By LYN JONES
PEOPLE MIGHT regard my move from London Welsh to the Dragons as a case of out of the frying pan and into the fire, but as a coach challenges come in many forms. For some it’s about winning cups, but I enjoy coaching individuals to become better players and I like seeing them rewarded with bigger and better contracts.
My task at the Dragons is to make them realise they’re not a bottom-of-the-table team and to instil in them the confidence to grow and fulfil their potential.
It’s good to be back coaching in Wales after four years away. I don’t share some people’s negative views about the state of the game within the regions and clubs. A lot of opinion suggests that with Cardiff City and Swansea both in the Premier League, rugby will suffer, but let’s not kid ourselves: Wales is full of soccer players. I regard football as our national game but rugby as our international game and having two clubs in the Premier League is positive for the country. Yes, there will be a negative effect on jersey sales and sponsorship, but the real problem facing domestic rugby in Wales is TV coverage.
You can watch rugby on a Friday or Saturday night, even on a Sunday afternoon, but not at 3pm on a Saturday, and that’s when most rugby fans want to sit down in front of their television. It’s a big area where we can improve but will we? Before I left Wales, when I was coaching the Ospreys, all the regions and clubs worked together for the good of the game, but it seems nowadays they are only doing what’s best for themselves.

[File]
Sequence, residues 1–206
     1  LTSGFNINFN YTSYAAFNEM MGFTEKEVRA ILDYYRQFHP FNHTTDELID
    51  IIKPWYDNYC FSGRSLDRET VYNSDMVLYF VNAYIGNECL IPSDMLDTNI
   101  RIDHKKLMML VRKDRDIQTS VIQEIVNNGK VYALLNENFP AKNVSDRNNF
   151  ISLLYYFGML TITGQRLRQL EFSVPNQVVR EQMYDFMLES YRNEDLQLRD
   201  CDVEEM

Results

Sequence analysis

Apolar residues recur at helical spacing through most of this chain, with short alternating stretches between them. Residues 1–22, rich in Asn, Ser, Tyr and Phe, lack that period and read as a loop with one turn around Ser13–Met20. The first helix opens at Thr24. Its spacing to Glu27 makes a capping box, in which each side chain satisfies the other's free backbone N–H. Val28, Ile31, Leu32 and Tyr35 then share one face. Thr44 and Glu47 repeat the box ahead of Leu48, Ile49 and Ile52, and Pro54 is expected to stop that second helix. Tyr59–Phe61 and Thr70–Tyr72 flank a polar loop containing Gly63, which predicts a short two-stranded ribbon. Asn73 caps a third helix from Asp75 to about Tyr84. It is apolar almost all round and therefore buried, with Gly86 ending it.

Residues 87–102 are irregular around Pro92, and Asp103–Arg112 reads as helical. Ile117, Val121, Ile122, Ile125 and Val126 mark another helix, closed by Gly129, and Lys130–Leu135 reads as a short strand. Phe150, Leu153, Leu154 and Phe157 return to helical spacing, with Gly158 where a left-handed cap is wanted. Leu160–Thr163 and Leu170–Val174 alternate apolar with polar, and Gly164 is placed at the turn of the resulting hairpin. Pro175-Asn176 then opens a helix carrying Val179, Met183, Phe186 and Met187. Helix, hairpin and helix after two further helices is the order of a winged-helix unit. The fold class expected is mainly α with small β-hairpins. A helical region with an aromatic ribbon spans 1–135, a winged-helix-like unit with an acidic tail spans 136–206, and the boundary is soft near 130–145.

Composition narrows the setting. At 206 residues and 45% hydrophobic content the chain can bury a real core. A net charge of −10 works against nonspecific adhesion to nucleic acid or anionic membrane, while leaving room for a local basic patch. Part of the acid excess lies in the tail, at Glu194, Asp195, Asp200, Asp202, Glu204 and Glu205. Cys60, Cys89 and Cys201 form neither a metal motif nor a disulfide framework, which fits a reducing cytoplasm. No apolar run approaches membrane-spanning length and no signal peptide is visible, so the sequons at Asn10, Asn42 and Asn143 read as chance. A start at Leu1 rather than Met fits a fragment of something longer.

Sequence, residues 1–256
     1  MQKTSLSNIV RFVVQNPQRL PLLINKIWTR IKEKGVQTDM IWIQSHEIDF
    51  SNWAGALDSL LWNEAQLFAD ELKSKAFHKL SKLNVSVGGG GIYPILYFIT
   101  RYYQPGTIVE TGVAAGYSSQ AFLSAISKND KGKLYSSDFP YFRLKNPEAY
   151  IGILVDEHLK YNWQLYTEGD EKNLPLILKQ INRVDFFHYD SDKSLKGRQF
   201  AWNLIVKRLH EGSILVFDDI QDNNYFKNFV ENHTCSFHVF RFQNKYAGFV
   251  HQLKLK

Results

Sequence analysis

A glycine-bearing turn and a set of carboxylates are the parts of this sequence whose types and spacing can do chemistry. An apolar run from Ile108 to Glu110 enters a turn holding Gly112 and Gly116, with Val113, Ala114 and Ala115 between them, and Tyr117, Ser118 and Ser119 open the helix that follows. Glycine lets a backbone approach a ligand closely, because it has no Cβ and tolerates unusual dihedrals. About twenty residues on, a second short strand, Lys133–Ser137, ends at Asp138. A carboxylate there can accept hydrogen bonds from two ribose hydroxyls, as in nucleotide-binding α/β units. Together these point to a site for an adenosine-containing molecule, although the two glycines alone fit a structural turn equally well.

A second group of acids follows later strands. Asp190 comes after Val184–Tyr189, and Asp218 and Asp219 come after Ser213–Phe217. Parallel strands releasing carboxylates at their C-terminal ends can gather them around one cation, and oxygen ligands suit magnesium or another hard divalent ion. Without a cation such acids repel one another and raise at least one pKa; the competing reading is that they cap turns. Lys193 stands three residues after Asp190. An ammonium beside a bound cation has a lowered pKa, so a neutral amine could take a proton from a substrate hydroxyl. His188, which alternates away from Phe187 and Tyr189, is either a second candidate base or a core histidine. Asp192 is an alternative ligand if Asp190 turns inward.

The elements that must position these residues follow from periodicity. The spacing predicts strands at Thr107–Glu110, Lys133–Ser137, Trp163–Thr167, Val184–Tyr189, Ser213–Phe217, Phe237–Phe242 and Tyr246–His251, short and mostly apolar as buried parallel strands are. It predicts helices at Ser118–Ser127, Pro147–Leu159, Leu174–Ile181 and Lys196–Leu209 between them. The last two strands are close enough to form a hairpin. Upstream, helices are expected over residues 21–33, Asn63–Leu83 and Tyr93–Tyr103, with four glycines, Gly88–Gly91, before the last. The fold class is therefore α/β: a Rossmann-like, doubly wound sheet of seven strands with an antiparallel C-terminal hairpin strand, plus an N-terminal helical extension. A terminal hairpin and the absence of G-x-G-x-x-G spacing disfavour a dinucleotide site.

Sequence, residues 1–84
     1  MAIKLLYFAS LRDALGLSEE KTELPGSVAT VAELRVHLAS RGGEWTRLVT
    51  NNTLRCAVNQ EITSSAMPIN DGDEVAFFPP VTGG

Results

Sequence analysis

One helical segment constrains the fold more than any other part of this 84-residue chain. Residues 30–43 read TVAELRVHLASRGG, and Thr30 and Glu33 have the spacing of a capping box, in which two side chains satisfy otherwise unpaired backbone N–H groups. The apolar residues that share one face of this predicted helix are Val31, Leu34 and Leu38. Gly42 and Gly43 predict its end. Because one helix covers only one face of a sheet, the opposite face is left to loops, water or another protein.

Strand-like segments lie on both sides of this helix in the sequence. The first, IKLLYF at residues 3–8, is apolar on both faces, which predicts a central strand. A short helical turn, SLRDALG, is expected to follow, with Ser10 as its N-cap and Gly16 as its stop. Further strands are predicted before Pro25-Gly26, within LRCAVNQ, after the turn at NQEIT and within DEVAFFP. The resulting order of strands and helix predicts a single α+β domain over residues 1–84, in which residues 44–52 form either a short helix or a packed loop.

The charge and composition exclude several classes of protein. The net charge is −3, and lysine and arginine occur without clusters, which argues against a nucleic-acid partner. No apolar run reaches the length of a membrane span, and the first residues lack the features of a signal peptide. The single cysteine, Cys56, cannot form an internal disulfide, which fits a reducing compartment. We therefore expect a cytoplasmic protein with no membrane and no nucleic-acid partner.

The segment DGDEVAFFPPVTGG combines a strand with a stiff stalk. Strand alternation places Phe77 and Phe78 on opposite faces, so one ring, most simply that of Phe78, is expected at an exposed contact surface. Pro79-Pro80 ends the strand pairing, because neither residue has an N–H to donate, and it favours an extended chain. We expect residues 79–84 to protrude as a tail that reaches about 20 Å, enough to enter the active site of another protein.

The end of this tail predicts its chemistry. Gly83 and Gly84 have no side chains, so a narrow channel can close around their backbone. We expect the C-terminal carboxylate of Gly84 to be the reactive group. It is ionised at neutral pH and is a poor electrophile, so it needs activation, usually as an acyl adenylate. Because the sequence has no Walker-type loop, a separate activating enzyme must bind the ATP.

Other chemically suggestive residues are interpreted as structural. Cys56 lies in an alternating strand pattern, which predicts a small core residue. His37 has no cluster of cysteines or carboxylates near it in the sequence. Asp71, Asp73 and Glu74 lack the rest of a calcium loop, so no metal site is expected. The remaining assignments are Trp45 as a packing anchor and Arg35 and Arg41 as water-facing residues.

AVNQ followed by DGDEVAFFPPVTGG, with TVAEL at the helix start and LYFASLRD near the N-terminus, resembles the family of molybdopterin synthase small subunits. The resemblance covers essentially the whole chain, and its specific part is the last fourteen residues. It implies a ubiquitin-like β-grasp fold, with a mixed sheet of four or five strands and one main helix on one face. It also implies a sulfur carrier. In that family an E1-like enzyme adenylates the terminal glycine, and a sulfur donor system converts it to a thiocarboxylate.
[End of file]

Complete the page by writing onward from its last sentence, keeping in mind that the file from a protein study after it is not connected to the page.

Fortunately at the Dragons I’ve walked into a club that’s overcome its problems and is very much looking forward to the future. I’ve got Kingsley Jones to help and his experience will prove invaluable.
Toby Faletau’s decision to sign a two-year contract extension was a big boost and hopefully it will buck the trend of our big-name players leaving. In recent seasons we’ve lost Dan Lydiate, Luke Charteris and Aled Brew. We’ve got to stop that happening by getting players to understand that the Dragons are trying to create an environment in which they’ll become the best region in Wales. Toby staying sends a strong message to fans that our board is going to stand up at last.
There are lots of talented young players at the Dragons. Wales can be proud of its academies and that was one of the hardest things I found at London Welsh; with no academy, I had to buy yesterday’s players rather than bring through youngsters. Will I name one or two players I think will break through this season? No. I’m going to be careful what I say or else an agent or a rich club might come calling!Like Rugby World? Subscribe to the magazine for the latest comprehensive content.